11 February 2013

An example of a poorly designed user experience (from Amazon)

Even Amazon, the giant behemoth of internet selling makes ugly design mistakes.

Here is the scenario I ran through last night;

I finished reading a book on Kindle on my tablet and decided I wanted to buy the sequel. I went to the Kindle Store in the Kindle app and was transported to the browser (1).

I then searched for the book and found it. Strangely the price was in pounds (2). Whatever; I click through with the intention of buying. But wait. I can't buy on what turns out to be amazon.co.uk because I am in Australia (3).

So I have to click through to Amazon and hey, I have to begin the search for the book again (4).

Lucky the have a patent on one click purchases (5) as I was about to give up.

Then I buy the book, but it doesn't ship to the tablet I am on (6). I go back and see the default destination is to my other older tablet (7). So I resend it to my new tablet (8) and it starts to deliver.

Overall it is a pretty poor user experience and one I suspect that comes from incremental additions to the feature set. Agile development everywhere is at risk of delivering poor user experiences like this.

This is akin to technical debt, but it is more apparent to customers. I suppose you could call it UX design debt. Pay attention to it because it sucks and drives business away.

Let's run through a few of the failures and what might be a better approach:

  1. Browser navigation of Amazon sucks on a tablet. The page doesn't present for a tablet experience or the screen size. And why the hell are you taking me out of my nice cuddly Kindle space into a jarring other place anyway?
  2. Shouldn't the browser know what country I am in and deal in my local currency? And you have my account details as well so you know what country I come from.
  3. Why the hell doesn't the website just ignore what country I am in and deal with the regulations around regions under the hood? Why doesn't Amazon just operate as a global platform and customise locally once we get into a transaction, rather than before?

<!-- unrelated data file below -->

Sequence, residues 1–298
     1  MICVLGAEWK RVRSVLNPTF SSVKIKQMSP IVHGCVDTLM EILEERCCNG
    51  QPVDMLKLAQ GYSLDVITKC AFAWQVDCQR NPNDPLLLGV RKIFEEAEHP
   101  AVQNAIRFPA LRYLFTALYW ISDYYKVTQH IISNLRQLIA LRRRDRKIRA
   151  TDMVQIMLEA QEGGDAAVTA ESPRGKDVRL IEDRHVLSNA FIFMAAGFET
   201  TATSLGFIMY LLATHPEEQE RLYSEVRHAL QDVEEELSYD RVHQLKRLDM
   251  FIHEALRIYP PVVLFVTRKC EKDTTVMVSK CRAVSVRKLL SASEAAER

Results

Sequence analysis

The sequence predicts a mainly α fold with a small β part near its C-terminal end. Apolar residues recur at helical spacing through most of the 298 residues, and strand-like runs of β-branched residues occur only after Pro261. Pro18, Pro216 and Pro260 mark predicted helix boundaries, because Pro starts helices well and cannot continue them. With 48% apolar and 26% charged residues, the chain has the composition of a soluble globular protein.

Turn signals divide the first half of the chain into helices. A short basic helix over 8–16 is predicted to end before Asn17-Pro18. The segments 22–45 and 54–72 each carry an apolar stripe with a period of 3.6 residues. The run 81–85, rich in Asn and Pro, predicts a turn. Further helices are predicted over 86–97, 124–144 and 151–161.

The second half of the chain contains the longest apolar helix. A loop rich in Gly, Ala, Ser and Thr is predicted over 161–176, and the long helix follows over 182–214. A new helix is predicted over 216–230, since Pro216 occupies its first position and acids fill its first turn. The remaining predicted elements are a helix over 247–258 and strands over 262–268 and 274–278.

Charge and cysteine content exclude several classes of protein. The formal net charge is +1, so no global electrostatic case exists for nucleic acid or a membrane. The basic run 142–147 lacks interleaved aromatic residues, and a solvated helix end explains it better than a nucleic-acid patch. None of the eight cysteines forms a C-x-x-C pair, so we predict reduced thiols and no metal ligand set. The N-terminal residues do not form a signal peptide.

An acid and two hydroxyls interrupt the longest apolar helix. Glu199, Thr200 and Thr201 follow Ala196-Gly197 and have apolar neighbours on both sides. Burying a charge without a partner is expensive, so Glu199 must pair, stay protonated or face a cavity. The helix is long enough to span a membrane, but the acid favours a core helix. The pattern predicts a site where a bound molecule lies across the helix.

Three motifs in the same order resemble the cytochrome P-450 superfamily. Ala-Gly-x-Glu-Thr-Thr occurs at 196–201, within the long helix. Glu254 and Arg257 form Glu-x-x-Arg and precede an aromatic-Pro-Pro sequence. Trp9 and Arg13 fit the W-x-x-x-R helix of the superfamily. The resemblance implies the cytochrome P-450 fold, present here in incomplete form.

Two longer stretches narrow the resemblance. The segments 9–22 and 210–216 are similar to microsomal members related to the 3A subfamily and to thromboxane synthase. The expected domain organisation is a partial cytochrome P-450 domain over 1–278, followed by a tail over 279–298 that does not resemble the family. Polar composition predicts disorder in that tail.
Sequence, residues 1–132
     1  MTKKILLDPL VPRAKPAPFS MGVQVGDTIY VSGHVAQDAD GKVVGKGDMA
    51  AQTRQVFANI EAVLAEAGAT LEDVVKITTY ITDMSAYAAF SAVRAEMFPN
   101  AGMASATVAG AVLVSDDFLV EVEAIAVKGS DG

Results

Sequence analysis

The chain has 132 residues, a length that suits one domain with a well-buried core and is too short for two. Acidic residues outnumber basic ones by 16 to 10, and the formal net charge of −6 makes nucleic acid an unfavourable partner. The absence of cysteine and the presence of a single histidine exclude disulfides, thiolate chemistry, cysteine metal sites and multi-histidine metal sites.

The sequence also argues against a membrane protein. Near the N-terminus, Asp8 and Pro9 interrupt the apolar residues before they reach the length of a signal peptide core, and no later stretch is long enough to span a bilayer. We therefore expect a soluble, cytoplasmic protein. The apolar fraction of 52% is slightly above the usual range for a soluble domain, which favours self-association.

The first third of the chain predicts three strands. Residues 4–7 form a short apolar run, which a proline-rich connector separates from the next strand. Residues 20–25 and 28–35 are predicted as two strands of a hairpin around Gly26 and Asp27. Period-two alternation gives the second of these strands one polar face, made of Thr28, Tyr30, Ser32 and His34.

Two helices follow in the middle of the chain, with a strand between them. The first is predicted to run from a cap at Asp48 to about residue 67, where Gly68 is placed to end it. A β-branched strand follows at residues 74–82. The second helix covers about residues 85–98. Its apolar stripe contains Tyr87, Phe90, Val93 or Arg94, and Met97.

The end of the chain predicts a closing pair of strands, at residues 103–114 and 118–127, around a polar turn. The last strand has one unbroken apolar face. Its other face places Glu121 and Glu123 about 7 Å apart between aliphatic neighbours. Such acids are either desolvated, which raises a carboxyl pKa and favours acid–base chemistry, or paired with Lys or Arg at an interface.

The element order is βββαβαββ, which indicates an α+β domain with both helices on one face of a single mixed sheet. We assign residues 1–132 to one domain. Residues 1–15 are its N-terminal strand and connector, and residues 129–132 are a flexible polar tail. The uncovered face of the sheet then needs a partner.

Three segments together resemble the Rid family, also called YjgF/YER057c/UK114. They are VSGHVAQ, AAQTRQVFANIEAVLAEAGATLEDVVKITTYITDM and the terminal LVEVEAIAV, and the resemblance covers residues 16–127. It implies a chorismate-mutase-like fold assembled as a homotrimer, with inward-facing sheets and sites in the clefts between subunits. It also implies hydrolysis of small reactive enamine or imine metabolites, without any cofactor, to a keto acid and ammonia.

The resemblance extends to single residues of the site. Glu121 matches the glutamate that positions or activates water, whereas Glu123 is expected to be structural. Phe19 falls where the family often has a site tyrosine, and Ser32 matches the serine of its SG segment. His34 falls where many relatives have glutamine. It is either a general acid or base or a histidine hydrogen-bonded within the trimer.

4. Why can't you carry my search and landing page forward as we change domains?
  5. Seriously Jeff, patenting One Click purchases sucks. Why would you do that?
  6. You know I initiated a search on the back of reading the prequel on this device. I am buying the book on this device. Why would you think to ship the book to any other device?
  7. Especially one I haven't logged into - or even turned on - in over 6 months?
  8. Selecting devices on the browser is another fiddly and non-obvious activity. Oh, and the pull down feature in Kindle isn't very obvious to a novice user either.
What are your poor user design experiences? Got any to share?


  1. Anonymous5:41 pm

    No offense, but speaking of ugly user experiences, is presenting this site's recent articles in tile format with often vague pictures and having the reader hover over every tile just to get a glimpse of the title the best way to do it?

  2. Good point. What do you suggest would be better?

  3. Anonymous8:06 pm

    I like the design of this page it is fancy, especially since I figured out that I can change articels via using the arrows left and right. Furthermore I don`t care which picture or title is written down, I give every entry a try a just read it. It is most of the time faster than think about if it is worth or not. Unfortunately is the comment function ugly, I have to scroll down to confirm that I am not a robot.

    Back to the topic of the articel, it seems use cases are not properly defined here or not followed up when design changes. Maybe this worth an article how do ensure that software / requirements is properly tested from use cases during his lifecycle.